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½ bunch fresh thyme
3 bay leaves
30 black peppercorns
1½ cup kosher salt
1½ cup sugar
3 quarts hot water
3 quarts ice
1 (18 lb.) fresh turkey
Note: Before you begin, make sure you have enough room in a refrigerator to hold the turkey and brine container. Alternative method: If you don’t want to brine the turkey, simply drizzle it with olive oil instead and season with salt and pepper, inside and out.
Place the thyme, bay leaves, peppercorns, salt and sugar in a large pot. Add water and stir to combine. Bring to a boil. Remove from heat, add ice and let dissolve. Transfer to brine container and allow to cool (below 40°F).
Rinse the turkey, inside and out, under cold running water. Reserve and use the gizzard and neck as desired. Then, fully submerge turkey in cold brine liquid. Press and weight down the turkey with a clean plate, or two, if necessary. It is important the turkey is completely beneath the surface of the brine liquid. Refrigerate turkey in the brine for three days (the third day being the day you plan to roast the turkey).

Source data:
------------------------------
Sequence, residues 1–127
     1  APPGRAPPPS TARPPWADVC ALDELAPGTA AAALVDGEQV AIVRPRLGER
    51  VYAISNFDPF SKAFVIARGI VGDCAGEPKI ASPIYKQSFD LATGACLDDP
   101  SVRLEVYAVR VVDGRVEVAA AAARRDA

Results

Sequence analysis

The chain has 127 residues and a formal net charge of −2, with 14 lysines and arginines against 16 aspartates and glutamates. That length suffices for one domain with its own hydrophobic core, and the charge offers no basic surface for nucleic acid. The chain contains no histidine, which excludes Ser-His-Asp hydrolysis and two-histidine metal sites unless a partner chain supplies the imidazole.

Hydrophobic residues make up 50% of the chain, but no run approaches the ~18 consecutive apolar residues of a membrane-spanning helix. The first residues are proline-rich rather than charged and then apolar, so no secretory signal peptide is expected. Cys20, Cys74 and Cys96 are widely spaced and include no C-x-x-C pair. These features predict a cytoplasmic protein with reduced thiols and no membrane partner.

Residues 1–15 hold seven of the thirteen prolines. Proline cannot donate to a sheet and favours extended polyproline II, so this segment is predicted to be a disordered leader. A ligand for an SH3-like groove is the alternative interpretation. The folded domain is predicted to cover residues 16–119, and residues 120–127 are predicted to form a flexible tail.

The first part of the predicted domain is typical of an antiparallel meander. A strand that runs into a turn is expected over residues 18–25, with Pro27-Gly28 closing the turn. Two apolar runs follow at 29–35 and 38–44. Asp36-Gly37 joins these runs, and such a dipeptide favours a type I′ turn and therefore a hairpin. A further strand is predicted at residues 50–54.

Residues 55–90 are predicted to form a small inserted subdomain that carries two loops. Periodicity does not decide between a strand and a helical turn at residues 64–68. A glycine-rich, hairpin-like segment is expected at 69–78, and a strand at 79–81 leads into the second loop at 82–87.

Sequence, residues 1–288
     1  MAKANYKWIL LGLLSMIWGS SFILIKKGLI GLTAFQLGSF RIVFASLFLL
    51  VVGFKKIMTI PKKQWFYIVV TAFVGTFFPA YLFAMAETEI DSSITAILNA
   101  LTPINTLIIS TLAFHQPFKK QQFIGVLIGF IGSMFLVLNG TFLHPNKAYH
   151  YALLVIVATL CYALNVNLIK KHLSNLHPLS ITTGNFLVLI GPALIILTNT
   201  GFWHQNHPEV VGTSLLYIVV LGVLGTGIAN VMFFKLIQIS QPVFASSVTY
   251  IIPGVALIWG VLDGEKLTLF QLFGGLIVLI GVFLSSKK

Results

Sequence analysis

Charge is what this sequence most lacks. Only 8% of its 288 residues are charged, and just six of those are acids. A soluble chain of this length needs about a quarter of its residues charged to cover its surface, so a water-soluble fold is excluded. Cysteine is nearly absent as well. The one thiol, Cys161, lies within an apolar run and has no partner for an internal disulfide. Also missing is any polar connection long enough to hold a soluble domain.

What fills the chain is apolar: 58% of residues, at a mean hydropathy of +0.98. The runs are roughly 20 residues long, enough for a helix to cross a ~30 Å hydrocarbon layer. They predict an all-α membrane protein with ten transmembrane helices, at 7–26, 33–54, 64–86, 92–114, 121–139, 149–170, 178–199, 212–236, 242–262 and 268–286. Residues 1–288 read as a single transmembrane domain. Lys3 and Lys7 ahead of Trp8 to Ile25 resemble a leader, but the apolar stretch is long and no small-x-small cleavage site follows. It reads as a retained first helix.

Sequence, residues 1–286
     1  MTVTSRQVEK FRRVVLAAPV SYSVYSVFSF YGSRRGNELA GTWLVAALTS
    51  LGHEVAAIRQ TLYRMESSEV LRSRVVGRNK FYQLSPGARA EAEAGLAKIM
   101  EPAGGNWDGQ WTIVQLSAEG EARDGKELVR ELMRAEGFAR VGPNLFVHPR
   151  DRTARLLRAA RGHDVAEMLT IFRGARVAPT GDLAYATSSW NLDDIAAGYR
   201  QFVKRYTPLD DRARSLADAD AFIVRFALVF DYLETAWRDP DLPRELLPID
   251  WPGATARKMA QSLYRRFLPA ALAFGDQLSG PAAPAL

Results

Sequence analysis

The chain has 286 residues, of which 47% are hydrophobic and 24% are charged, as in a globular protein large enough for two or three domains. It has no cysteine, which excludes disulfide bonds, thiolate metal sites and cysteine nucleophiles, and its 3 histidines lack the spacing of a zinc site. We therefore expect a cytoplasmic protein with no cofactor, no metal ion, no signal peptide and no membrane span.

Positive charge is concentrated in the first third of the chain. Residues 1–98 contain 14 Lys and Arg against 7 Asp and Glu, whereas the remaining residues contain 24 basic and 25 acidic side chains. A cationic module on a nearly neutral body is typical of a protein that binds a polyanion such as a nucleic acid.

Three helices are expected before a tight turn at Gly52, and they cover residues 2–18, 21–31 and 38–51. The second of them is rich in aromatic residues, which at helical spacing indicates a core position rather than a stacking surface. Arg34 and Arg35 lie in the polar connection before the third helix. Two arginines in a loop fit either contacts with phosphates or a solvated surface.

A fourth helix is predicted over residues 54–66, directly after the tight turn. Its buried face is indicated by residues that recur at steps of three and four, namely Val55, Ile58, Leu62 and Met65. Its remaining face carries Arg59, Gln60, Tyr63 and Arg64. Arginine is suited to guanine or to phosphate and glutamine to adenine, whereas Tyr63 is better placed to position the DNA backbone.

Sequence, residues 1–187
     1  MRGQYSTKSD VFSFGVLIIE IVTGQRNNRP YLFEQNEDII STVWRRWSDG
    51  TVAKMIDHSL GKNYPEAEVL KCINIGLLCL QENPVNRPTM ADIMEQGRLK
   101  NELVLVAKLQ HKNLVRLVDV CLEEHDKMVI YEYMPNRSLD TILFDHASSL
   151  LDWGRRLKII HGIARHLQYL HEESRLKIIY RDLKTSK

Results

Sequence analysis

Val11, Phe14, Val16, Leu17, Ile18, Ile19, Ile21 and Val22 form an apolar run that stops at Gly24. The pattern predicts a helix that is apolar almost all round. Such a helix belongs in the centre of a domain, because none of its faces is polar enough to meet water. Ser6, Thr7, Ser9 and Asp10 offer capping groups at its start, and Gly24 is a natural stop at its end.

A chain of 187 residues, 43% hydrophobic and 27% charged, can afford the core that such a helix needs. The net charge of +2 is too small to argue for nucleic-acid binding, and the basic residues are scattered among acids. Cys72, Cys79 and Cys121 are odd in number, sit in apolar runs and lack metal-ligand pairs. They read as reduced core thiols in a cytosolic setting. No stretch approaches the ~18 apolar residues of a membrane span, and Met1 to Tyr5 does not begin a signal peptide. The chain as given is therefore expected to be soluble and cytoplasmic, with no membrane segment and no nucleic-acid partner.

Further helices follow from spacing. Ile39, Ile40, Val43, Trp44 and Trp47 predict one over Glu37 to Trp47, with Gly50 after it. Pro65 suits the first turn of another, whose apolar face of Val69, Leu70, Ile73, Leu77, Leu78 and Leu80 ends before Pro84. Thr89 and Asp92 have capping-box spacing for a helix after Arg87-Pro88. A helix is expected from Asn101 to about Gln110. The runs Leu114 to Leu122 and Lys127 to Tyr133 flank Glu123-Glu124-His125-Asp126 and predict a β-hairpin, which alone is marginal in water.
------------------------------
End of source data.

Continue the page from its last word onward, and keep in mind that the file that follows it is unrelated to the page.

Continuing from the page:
One hour prior to cooking the turkey, remove turkey from brine liquid and set onto a pan to drain. Discard brine. Rotate turkey to drain the liquid from inside. Pat the turkey dry with paper towels and place in a roasting pan. Preheat the oven to 350°F.
Place turkey in oven, uncovered, and roast for 2 hours. Carefully rotate roasting pan in opposite direction and continue to roast for 1 hour and 30 minutes. If your turkey is becoming too dark, cover with aluminum foil during the last 10 minutes of cooking. Remove turkey from oven and rest for 30 minutes, loosely tented with aluminum foil. Slice turkey and serve hot.
Total cooking time is approximately 3 hours and 30 minutes (internal temperature of thigh joint should be 160°F). Oven temperatures may vary and effect cook time, be sure to use a probe thermometer to ensure proper temperature.
For advanced turkey tricks, please see the Kendall-Jackson Winery blog at blog.kj.com/results-of-the-harold-mcgee-turkey-experiment.